North Koreans Know Trump's Tweets by Heart and Are Desperate to Understand President

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President Donald Trump keeps tweeting and North Korea keeps reading. REUTERS/Jonathan Ernst

North Korea is keeping such a close eye on President Donald Trump's Twitter feed that top officials reportedly know some of the billionaire's posts by heart.

Indeed, the North has become so befuddled by the president's actions and tough talk on social media and before the U.N. Security Council it has reached out to Republican think tanks and former officials in order to better understand Trump, the Washington Postreported Tuesday.

The report includes one key detail concerning the North's Twitter habits. North Korean officials showed an "encyclopedic knowledge" of the president's tweets and could recite them back to Americans at a meeting set up by the Geneva Centre for Security Policy in Switzerland earlier this month.

Since Trump won the White House in November, the North has actively tried to understand Trump's political strategies, but is evidently still perplexed, according to the report.

"They are somewhat puzzled as to the direction in which the U.S. is going, so they're trying to open up channels to take the pulse in Washington," former State Department official Evans Revere told the Post. "They haven't seen the U.S. act like this before."

Trump has used his social presence, which includes a growing 39.3 million followers on Twitter, to vehemently attack, threaten and insult Pyongyang's leader Kim Jong Un.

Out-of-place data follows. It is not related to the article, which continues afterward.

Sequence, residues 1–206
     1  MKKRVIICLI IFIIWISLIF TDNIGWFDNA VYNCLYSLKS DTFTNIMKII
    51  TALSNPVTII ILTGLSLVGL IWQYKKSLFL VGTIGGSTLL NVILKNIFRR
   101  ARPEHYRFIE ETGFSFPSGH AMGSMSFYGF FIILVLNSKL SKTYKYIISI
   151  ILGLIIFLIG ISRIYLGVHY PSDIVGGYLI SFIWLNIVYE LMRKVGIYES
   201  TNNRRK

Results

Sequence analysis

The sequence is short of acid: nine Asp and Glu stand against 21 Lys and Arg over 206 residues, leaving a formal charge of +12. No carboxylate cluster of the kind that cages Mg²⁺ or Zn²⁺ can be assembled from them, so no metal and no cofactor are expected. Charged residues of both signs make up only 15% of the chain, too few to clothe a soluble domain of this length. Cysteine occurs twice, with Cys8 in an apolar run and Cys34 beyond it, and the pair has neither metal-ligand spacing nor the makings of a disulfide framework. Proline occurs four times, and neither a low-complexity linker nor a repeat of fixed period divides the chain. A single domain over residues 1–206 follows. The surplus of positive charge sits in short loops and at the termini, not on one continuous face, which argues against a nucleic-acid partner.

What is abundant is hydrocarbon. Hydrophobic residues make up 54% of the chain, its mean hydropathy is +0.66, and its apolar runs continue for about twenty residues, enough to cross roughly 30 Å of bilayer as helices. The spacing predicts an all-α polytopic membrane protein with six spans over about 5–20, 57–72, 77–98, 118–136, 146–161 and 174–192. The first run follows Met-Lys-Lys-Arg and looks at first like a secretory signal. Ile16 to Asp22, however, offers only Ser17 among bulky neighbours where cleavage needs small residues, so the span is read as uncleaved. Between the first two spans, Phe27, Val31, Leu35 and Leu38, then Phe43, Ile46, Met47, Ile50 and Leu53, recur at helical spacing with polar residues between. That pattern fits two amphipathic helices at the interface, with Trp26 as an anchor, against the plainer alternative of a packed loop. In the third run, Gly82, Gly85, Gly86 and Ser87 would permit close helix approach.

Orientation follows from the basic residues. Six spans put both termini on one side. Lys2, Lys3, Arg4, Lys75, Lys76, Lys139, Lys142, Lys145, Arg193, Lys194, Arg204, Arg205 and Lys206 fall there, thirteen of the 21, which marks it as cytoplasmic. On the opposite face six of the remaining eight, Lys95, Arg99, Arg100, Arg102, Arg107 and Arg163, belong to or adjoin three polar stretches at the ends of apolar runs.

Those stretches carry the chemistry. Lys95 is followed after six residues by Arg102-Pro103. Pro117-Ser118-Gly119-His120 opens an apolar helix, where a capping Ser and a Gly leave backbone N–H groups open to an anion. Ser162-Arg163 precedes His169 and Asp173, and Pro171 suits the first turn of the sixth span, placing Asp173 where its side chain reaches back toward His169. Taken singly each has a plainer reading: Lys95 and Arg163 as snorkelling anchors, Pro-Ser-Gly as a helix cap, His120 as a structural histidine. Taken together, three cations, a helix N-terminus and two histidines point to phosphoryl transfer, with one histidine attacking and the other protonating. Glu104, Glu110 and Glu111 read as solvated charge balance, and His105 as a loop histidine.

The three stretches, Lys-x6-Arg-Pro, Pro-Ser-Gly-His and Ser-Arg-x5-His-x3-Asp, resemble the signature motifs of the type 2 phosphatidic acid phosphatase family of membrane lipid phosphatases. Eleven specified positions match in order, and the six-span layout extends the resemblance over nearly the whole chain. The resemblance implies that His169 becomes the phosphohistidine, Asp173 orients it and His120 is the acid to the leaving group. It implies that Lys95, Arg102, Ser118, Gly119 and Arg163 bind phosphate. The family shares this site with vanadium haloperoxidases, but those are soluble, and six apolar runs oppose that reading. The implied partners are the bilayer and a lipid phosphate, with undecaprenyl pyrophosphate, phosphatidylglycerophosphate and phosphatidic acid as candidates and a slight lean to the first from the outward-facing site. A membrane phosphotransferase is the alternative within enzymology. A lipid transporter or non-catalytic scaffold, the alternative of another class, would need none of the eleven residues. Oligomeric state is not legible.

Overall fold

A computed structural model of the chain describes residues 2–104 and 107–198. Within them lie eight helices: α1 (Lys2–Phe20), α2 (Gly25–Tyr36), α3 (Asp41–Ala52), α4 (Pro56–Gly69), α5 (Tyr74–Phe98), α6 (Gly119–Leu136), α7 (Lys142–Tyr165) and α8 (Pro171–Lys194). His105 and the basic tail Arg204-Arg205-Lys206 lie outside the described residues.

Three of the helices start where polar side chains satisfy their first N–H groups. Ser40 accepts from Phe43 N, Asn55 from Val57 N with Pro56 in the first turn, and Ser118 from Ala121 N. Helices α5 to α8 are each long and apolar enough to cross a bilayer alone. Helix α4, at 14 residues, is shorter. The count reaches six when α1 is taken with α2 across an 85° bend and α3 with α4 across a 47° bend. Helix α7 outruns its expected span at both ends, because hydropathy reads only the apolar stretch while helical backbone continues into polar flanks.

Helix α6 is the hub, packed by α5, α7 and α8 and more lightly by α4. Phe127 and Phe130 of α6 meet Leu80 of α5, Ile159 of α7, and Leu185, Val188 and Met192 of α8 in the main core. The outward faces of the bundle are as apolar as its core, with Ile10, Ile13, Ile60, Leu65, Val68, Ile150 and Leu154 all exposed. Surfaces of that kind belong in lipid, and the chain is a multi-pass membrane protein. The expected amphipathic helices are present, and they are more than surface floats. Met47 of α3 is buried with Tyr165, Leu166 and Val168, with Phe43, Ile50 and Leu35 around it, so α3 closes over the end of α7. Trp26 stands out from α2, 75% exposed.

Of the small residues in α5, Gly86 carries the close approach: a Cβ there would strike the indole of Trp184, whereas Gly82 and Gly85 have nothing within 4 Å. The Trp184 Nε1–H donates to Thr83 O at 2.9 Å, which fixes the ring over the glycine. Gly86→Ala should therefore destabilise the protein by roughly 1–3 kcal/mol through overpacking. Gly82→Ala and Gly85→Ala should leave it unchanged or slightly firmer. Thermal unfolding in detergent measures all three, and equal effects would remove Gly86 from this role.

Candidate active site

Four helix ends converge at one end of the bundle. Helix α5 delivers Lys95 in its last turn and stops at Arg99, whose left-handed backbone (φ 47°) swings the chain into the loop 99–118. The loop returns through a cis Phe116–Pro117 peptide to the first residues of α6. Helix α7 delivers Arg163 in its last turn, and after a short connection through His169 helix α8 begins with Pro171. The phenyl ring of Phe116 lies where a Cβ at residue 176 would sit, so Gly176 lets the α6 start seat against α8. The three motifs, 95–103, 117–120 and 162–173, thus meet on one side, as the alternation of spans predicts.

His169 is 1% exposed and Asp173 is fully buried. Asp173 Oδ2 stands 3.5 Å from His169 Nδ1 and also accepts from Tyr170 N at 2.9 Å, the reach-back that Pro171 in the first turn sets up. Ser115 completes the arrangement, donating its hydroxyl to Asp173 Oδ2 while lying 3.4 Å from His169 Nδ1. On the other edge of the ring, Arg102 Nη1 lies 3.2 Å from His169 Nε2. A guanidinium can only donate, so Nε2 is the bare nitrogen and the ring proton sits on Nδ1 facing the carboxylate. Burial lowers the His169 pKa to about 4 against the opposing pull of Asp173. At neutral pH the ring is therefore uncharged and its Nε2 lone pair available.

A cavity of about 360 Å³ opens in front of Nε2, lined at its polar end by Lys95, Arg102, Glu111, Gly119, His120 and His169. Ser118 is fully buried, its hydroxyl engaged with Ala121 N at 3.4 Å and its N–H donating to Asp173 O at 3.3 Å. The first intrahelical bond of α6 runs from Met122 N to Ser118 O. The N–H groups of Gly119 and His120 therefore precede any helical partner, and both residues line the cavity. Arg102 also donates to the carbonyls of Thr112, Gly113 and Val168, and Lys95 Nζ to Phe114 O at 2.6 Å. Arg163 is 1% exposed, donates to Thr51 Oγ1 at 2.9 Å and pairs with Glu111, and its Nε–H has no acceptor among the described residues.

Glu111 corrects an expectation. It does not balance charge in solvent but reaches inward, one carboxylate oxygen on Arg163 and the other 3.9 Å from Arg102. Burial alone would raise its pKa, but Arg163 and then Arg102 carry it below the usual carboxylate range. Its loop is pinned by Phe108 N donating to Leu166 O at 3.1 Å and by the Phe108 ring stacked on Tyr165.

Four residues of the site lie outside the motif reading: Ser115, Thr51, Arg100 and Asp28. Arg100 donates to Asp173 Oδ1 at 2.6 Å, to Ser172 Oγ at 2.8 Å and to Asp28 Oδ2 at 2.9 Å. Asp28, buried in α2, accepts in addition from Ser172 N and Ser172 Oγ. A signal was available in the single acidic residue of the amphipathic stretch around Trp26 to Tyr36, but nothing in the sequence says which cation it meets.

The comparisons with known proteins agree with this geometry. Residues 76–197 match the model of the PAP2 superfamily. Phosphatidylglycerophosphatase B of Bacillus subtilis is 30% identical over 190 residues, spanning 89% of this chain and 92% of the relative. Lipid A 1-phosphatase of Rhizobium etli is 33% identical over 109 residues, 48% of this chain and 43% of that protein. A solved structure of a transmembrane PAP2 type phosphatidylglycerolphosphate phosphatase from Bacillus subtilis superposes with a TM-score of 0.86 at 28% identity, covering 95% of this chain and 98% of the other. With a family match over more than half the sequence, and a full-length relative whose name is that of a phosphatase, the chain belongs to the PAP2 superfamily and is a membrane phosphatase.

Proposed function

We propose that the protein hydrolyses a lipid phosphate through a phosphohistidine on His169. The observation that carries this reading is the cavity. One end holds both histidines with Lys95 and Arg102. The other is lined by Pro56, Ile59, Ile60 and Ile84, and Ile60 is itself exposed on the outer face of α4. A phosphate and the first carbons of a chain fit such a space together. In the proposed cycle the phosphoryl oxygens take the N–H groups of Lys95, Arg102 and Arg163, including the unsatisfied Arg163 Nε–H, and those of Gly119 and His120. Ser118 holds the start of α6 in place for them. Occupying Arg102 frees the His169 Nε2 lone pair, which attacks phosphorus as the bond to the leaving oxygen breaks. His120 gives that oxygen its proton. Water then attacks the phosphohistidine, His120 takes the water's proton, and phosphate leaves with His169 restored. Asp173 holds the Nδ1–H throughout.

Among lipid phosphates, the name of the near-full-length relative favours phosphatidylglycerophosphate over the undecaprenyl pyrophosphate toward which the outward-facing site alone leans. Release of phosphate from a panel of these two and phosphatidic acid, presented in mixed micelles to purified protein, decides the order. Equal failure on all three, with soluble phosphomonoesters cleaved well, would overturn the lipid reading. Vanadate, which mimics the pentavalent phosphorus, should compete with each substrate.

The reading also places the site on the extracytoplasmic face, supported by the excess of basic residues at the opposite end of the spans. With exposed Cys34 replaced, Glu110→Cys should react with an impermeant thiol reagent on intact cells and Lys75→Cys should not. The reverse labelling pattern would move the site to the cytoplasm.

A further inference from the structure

Of late, Trump has taken to calling Kim "Rocket Man" or "madman," and on Friday stated Kim would be "tested like never before."

I spoke with President Moon of South Korea last night. Asked him how Rocket Man is doing. Long gas lines forming in North Korea. Too bad!

— Donald J. Trump (@realDonaldTrump) September 17, 2017

Kim Jong Un of North Korea, who is obviously a madman who doesn't mind starving or killing his people, will be tested like never before!

— Donald J. Trump (@realDonaldTrump) September 22, 2017

The most recent tweet reiterated parts of Trump's first speech before the U.N. General Assembly last week in New York.

"The United States has great strength and patience, but if it is forced to defend itself or its allies, we will have no choice but to totally destroy North Korea," Trump said. "Rocket Man is on a suicide mission for himself."

Two days later, the Trump administration announced fresh sanctions aimed at hindering any foreign financial institution from doing business with the North.

The president's forceful words and the new sanctions led to strong reactions from Pyongyang. The North's foreign minister, Ri Yong Ho, spoke before the general assembly Saturday and said Trump's "Rocket Man" nickname made it "inevitable" that North Korean rockets would strike the U.S. mainland.

Ri then said Monday the U.S. had essentially declared war on the North, and threatened to shoot down a U.S. bomber even if it was in international airspace.

White House Press Secretary Sarah Huckabee Sanders denied the U.S. declared war on North Korea.